Human-Computer Interaction: Not Such A Long Shot For Watson

This entry was posted on 17th June 2011

Whenever we receive a phone call or email, here at Controliss blinds, we are happy to provide answers to any questions you have about our our range of remote control electric window blinds. Many businesses receiving a large volume of calls now use interactive voice recognition (IVR) technology in order to help improve the service provided to their customers. However, the process of following instructions of pushing keypad buttons and speaking to the system, only to be directed to a meagre voice recording or to be put on hold until a real person is able to take the call, rarely feels effortless or satisfying on the customer's part. Imagine talking to a machine that shows a human-like understanding of what you are saying and responds with an answer that suggests a level of knowledge and reasoning, as opposed to responding with the same answer for different questions. American technology and consulting giants, IBM, have developed an artificial intelligence computer system that is capable of responding to questions posed to it in more natural human terms, much more effectively than other IVR systems. IBM's question answering computing system, named Watson, produces it's answers by running over one hundred simultaneous algorithms which filter through the two hundred million pages of structured and unstructured content it has access to, in just seconds. In order to test the capabilities of Watson, it's developers arranged to have it compete on the quiz show, Jeopardy!, against the show's two greatest players. The main objective in Jeopardy!, is to respond to clues given in the form of answers, with the questions that will fit those answers. The test was a success as Watson defeated both contenders and won the first prize $1 million dollars, which IBM divided and donated to two charities. Watson shows great potential in the future of areas that could really utilise it's abilities, such as the practise of medicine, where it may be used as a clinical decision support system to assist health professionals with the diagnosis and treatment of patients. Although, given the fact that Watson is made up of a cluster of ninety IBM Power 750 servers along with other hardware, it is unlikely that businesses will be appointing it to answer their customer phone calls any time soon.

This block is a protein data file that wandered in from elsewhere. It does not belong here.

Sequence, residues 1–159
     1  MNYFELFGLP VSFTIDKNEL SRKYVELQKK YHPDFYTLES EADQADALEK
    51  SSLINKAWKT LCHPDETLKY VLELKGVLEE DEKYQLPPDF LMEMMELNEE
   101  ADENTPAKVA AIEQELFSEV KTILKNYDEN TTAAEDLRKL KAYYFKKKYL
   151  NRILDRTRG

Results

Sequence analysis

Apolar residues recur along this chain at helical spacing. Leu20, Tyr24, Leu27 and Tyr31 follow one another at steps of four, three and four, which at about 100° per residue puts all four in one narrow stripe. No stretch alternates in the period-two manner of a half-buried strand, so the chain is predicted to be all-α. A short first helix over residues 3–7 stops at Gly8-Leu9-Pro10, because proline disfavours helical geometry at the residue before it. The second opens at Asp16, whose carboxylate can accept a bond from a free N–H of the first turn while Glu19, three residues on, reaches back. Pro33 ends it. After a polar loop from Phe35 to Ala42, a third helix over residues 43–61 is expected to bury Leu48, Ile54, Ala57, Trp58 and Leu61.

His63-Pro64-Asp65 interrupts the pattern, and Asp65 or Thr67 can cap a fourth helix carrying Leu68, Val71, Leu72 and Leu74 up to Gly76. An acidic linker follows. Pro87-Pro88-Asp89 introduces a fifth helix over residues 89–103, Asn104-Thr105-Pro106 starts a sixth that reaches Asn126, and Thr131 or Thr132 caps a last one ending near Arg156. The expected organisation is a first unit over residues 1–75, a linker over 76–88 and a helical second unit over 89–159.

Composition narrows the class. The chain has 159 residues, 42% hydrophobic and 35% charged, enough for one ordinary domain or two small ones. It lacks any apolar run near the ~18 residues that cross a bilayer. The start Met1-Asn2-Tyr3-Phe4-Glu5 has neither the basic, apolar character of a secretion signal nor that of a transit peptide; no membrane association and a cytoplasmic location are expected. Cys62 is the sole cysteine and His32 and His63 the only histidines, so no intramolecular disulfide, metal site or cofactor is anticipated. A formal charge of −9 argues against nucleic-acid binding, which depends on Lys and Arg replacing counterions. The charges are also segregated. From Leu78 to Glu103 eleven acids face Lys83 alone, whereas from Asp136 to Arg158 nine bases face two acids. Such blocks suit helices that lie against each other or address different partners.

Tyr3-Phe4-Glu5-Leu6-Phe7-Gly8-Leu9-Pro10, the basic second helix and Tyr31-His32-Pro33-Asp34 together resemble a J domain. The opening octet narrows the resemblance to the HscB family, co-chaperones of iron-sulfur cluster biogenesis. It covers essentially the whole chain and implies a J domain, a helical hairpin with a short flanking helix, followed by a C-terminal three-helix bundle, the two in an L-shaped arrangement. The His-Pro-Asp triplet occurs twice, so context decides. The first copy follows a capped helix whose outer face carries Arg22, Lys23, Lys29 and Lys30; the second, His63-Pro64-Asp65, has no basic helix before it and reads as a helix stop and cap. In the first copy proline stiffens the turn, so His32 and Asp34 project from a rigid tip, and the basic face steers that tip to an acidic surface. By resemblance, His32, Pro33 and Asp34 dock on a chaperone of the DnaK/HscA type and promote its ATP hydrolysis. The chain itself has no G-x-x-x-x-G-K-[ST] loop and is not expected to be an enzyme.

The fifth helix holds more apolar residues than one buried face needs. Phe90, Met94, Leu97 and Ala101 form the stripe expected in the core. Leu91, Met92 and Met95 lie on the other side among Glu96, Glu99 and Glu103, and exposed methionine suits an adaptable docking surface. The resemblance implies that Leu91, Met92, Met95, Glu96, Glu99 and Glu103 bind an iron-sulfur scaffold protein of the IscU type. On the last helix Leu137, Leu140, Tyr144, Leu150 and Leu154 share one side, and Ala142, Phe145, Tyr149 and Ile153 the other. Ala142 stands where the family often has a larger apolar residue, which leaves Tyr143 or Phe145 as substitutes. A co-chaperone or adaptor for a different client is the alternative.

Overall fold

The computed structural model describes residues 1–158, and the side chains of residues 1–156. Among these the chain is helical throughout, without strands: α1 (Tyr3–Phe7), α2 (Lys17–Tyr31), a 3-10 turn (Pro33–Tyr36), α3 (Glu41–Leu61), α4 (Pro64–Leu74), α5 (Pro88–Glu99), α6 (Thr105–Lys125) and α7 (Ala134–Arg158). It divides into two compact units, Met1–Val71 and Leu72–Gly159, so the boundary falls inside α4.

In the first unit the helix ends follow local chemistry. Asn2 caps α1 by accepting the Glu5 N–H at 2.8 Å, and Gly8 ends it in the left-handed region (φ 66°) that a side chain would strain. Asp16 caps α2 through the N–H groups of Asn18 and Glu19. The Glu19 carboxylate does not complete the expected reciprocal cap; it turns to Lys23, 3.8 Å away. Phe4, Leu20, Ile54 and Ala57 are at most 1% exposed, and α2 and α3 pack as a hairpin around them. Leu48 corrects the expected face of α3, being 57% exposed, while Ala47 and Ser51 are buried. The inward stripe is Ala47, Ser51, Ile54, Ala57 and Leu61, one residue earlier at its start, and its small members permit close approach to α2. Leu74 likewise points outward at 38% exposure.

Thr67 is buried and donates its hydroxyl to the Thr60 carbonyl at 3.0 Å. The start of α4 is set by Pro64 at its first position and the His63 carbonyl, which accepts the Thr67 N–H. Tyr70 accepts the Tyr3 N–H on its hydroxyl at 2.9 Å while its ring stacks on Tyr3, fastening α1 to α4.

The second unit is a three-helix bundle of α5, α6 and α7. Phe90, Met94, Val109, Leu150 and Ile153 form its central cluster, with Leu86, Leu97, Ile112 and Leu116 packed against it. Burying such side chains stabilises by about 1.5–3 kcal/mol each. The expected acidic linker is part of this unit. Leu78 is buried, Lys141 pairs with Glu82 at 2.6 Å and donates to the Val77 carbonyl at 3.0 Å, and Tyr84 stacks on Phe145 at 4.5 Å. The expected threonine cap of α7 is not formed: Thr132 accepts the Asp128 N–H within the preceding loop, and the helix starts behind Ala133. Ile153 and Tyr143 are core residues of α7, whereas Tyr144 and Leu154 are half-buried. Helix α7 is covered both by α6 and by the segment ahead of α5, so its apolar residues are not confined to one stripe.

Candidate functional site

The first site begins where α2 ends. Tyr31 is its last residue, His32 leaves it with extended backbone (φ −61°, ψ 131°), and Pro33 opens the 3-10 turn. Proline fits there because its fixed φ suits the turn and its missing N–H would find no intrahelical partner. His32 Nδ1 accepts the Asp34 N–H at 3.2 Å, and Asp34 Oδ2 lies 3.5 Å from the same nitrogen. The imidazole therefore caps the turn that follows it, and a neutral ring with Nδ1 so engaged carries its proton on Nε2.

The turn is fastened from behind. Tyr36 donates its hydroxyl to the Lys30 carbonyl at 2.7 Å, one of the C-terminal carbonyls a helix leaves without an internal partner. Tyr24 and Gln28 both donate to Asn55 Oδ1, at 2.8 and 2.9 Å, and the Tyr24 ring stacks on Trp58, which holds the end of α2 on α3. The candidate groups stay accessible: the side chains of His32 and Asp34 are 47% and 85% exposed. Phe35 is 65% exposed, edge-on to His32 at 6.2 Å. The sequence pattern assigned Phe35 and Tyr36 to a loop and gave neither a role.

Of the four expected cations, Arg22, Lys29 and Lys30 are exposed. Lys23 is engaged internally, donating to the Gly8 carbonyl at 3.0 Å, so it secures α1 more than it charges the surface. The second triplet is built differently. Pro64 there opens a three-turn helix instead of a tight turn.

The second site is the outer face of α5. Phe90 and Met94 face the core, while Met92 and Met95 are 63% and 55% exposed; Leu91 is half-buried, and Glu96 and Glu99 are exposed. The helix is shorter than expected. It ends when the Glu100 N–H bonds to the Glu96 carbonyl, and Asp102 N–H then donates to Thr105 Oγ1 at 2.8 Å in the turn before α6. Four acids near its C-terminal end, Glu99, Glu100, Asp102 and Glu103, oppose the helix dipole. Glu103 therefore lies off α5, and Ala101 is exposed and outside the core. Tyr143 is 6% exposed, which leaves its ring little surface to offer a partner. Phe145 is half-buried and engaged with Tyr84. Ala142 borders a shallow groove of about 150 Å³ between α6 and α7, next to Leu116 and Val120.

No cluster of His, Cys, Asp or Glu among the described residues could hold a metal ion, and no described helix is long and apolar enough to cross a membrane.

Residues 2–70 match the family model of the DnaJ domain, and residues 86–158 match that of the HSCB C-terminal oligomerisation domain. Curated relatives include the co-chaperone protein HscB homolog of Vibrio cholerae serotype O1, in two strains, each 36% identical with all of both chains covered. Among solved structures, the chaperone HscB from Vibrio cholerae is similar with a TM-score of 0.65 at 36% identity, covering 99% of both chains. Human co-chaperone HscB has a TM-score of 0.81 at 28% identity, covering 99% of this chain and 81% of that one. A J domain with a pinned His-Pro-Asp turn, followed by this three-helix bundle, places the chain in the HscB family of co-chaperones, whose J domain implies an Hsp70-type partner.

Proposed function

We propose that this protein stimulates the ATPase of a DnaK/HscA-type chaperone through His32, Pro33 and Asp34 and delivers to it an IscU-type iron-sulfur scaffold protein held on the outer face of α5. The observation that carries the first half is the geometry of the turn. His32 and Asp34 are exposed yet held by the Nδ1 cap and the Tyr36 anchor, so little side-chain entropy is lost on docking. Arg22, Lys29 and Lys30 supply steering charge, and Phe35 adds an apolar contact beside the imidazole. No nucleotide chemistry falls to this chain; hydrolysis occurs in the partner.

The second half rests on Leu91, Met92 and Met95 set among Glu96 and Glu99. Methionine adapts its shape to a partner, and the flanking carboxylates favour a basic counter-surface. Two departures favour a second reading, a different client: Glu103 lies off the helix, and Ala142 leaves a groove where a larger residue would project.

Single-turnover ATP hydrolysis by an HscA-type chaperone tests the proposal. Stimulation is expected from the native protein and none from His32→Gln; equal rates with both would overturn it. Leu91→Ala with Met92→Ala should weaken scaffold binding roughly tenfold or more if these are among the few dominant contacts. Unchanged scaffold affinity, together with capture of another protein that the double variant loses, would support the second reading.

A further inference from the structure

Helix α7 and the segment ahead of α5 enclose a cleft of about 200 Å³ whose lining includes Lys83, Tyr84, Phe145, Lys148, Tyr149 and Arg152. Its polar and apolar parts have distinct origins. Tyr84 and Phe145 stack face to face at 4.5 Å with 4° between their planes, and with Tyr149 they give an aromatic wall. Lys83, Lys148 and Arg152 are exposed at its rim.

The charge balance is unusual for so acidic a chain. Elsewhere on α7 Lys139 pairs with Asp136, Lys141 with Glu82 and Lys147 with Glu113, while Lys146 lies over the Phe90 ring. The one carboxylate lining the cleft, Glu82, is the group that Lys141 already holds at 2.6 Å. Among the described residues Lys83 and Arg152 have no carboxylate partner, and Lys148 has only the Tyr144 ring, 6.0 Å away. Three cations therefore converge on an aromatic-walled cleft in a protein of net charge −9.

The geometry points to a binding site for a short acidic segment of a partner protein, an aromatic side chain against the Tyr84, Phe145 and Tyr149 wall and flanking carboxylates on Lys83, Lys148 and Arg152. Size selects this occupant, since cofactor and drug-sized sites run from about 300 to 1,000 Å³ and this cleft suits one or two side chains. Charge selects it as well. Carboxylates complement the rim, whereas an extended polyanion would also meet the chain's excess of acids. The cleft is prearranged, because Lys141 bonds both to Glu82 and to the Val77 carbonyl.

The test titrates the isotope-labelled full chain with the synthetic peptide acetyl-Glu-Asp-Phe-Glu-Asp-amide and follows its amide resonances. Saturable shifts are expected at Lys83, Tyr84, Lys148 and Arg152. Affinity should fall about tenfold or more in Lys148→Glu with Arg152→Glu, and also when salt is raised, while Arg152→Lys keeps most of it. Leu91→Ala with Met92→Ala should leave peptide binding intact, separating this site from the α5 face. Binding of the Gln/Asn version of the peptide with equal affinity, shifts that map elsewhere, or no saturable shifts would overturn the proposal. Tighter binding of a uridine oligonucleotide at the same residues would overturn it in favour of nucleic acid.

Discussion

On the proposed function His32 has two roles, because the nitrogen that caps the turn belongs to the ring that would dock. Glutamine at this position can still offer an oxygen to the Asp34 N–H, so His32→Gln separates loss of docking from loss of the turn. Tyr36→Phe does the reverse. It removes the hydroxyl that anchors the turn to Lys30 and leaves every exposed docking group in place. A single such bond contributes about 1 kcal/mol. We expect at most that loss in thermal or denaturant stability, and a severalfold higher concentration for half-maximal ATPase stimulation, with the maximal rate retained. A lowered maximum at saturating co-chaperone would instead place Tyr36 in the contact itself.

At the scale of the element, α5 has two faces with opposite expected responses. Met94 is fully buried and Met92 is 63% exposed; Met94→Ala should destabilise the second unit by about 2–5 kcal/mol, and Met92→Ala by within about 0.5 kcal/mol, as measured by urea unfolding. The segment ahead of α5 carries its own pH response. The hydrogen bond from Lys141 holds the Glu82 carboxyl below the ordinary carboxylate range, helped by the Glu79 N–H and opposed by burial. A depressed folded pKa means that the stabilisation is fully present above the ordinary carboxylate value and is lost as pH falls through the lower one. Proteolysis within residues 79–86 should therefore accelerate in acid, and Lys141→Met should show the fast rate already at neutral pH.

This Post was posted in General Posts and was tagged with blinds, controliss, IBM, systems, technology, Watson